- Affects your pontoon’s performance and towing capacity, as they add ~350 pounds
- Only fits pontoons between 18 and 30 feet
- Pontoon weight affects sea legs. (For maximum performance, the weight cannot exceed 5,800 pounds
- Sea legs are not on the cheap side
Alternatives to Sea Legs and Lifts
Sea legs aren’t a good fit for all pontoon owners. One major issue is the cost. If you prefer not to spend money on sea legs, lifts or even a dock, you can always go with economical ways to protect and secure your boat.
You have a couple of options:
1) Secure your boat to a dock or deck — For starters, learn some of those handy, Houdini-esque nautical knots.
The downside? This method won’t protect pontoons from mold/algae. It may not prevent damage from banging the dock’s side either. If you go this route, make sure you have a good pontoon cover to protect your boat.
To be fair, you’ll probably want to cover your pontoon when using sea legs, too. It’ll still be exposed to the elements, so a good cover is a good idea, like this Pyle UV protective cover (check price on Amazon) that’s mildew resistant and waterproof.
2) Use a trailer — Load your boat up onto your trailer and haul it to and from the water.
When you can’t currently afford sea legs or own your own dock, these are great options! Sea legs are expensive. So are docks. They don’t always fit our budgets … and some folks are simply more budget-conscious.
How Many Sea Legs Your Pontoon Needs
Your sea leg quantity depends on your pontoon’s overall size in terms of length and weight. Keep in mind, however, if your pontoon’s longer than 30 feet or shorter than 18 feet, it may not be suitable for sea legs at all.
In most cases, however, a pair of sea legs is installed toward each end of the boat. Longer pontoons, obviously, may require more. Check with your dealer and installer to help determine what your pontoon make and model needs.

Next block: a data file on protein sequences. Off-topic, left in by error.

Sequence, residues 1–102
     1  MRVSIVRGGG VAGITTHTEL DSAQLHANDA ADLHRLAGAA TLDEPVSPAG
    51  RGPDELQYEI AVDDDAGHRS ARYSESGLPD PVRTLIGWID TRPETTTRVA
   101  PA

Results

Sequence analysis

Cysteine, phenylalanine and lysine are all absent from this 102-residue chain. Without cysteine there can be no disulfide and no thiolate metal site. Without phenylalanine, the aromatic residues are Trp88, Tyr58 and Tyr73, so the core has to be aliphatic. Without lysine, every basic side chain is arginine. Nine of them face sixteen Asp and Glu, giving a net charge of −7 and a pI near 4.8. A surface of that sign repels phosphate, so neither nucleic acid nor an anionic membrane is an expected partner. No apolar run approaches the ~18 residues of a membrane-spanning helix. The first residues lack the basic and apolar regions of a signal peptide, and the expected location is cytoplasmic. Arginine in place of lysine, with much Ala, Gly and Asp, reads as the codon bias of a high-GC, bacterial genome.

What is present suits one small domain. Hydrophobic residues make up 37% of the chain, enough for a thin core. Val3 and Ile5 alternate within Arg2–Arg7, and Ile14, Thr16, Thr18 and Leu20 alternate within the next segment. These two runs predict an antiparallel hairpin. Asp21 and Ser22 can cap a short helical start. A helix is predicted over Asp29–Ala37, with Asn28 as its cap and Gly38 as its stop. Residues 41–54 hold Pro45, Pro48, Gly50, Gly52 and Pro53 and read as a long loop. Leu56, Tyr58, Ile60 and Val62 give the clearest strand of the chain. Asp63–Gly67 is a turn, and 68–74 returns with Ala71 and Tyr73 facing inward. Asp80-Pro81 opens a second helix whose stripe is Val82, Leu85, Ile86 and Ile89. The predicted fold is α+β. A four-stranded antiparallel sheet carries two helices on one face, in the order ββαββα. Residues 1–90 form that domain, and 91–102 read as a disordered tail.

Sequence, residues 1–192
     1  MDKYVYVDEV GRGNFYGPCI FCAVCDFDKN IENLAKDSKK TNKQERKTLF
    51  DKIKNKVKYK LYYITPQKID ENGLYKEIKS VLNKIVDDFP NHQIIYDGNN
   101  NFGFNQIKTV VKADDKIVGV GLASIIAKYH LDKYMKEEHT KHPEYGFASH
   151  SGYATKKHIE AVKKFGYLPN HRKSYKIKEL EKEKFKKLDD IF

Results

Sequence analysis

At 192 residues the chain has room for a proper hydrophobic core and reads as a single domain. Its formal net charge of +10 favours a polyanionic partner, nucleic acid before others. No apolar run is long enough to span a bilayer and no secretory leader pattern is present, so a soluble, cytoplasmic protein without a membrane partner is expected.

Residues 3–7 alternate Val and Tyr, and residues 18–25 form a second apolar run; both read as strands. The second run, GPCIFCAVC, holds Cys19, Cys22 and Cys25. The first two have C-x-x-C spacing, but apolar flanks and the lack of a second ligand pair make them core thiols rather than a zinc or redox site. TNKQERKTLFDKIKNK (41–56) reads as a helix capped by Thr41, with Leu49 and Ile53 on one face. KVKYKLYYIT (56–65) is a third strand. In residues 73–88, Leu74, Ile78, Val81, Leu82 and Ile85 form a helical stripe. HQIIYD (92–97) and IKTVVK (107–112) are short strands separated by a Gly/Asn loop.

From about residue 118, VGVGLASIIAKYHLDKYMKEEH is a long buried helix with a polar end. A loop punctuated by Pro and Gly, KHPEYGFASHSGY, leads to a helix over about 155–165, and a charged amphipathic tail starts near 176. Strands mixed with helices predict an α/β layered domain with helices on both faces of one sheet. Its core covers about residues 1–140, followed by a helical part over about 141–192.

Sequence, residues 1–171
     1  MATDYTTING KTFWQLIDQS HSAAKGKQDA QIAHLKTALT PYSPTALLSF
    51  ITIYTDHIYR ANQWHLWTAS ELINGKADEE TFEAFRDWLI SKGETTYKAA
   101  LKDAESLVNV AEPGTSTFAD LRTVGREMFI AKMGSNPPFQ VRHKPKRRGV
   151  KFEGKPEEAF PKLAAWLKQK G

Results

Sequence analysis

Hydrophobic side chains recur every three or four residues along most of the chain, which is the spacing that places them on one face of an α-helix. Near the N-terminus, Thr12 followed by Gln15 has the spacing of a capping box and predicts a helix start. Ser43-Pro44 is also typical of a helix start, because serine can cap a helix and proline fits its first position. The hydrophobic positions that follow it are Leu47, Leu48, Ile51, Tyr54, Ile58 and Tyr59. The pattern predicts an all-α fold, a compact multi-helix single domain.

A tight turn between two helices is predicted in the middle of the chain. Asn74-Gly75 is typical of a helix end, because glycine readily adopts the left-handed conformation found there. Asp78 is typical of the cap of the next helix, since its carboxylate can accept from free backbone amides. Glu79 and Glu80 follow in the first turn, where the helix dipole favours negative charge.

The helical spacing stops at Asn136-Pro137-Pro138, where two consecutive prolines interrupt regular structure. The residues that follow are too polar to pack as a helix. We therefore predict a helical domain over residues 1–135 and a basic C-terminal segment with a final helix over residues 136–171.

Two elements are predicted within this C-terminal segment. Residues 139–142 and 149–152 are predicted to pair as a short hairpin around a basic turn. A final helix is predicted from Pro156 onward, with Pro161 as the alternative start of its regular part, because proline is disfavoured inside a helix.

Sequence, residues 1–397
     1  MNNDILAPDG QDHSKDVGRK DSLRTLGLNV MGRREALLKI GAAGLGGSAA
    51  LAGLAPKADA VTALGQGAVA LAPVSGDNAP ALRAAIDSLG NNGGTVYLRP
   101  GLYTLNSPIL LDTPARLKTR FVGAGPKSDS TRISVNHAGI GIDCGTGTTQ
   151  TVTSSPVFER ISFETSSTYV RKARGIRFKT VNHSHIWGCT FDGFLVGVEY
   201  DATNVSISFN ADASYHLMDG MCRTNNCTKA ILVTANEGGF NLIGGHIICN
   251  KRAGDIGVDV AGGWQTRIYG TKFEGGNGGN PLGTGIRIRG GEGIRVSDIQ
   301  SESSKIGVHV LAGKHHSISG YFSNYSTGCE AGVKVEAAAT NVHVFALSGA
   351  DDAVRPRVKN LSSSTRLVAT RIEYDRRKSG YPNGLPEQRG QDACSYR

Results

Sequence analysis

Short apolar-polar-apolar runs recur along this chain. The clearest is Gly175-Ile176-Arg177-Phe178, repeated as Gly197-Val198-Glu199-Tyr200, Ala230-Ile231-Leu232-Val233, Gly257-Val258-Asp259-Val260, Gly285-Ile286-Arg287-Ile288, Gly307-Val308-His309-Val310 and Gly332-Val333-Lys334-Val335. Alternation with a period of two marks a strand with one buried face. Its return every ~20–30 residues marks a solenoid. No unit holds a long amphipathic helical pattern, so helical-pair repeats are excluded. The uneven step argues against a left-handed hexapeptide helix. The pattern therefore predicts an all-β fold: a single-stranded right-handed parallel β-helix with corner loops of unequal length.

Sea Leg Safety and Stability
Reports of pontoons tipping over while on sea legs are out there. But don’t let that scare you away. You just have to use them in the right conditions.
Muddy underwater sediment and even high wind affect a sea leg’s stability, so double-check these possible conditions before installing.
They can’t be used in water with rocky bottoms, either. It reduces the safety and stability of the sea legs.
Laws and Permits for Sea Legs
Although sea legs have supported pontoons since 1996, they’re still an up and coming trend and growing steadily.
Check with your state and local authorities to inquire exactly what permits are needed. It’s possible sea legs may not even be permitted where you live. Avoid spending that much money or having to remove them!
As always, it’s always a good idea to double-check. If you’re uncertain where to start, check with the United States Coast Guard to better understand laws and regulations. If you’re still unsure, request a contact in your local area.
Sea Leg Insurance
You need insurance for practically everything these days. And you’ll need insurance to cover your pontoon sea legs, too. Attached to your pontoon’s bottom, they’re not a permanent structure and may require a different type of insurance.
Check on your pontoon coverage, too, while you’re at it. Your current coverage may change with these additions. And your insurance company may need to know how your boat’s being stored.
If you have questions, you can contact the United Marine Underwriters for guidance.
Pontoon sea legs are a promising alternative to traditional lifts, even though they’re unusual and make your pontoon appear as though it could walk on water.
They might not work for every pontoon owner. But if they do, one thing’s for sure: They’ll not only protect your pontoon, but also be a great conversation piece!